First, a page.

‘Minimalism’ vs. economic growth

By James Pethokoukis

Minimalism,” a 2016 documentary about the unrealized unimportance of stuff, makes a big point about what the filmmakers call “the hunt” — the supposedly modern obsession with acquiring new things even if only incrementally better than the old things. (George Carlin did it better, I think.) So lots of sociological lamentation by talking heads playing over video of crazy crowds on Black Friday.

It’s another variant of “capitalism, bad.” Sure, an innovative and entrepreneurial system might generate rising living standards, but we’re no happier than before. Probably less.

This might be the all-time best example of #FirstWorldProblems. Of course, the same capitalism that gives us the next iPhone iterations — which, by the way, I’m always happy to get — is also doing more than just raising OECD living standards. It also brings people globally out of poverty. And there’s a whole lot further that process needs to go. As Our World in Data’s Max Roser notes in a new essay:

Adjusted for the purchasing power in each country, 85% of the world population live on less than $30 per day. … A person living in Denmark has a chance of 86% that they are not poor. A person who happens to be born into a country where the average income is low is almost certainly living in poverty. In Ethiopia more than 99% of the population live on less than $30 per day. This is why a rise in the average level of income in a country – economic growth – is so crucial for reducing poverty. … The population of Denmark was once as poor as the population of Ethiopia today, but since then poverty declined and living conditions improved: average incomes increased more than 25-fold, the child mortality rate declined from more than a quarter to less than half a percent – one of the lowest levels in the world – and Denmark is today one of the countries where people report to be most satisfied with their lives.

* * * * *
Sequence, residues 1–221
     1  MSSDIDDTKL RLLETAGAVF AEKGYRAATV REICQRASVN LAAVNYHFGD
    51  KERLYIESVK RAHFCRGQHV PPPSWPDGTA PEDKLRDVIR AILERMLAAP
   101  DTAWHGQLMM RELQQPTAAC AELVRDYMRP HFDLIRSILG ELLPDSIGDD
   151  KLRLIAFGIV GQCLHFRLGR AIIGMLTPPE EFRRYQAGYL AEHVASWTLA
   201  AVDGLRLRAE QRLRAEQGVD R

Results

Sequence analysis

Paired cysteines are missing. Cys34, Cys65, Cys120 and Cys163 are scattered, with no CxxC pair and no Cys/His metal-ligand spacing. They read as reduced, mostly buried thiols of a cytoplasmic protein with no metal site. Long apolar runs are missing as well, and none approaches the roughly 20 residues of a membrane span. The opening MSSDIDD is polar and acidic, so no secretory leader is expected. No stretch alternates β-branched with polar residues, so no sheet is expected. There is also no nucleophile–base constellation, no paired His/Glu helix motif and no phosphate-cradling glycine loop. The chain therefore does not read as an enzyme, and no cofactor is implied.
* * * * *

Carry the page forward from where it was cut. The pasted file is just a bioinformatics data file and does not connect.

A connected and economically growing world where the benefits of market-driven wealth creation can flow as freely as possible is critical to reducing global poverty further. It also gives you a great smartphone with some pretty cool features. And it replaces a lot of stuff. Happy?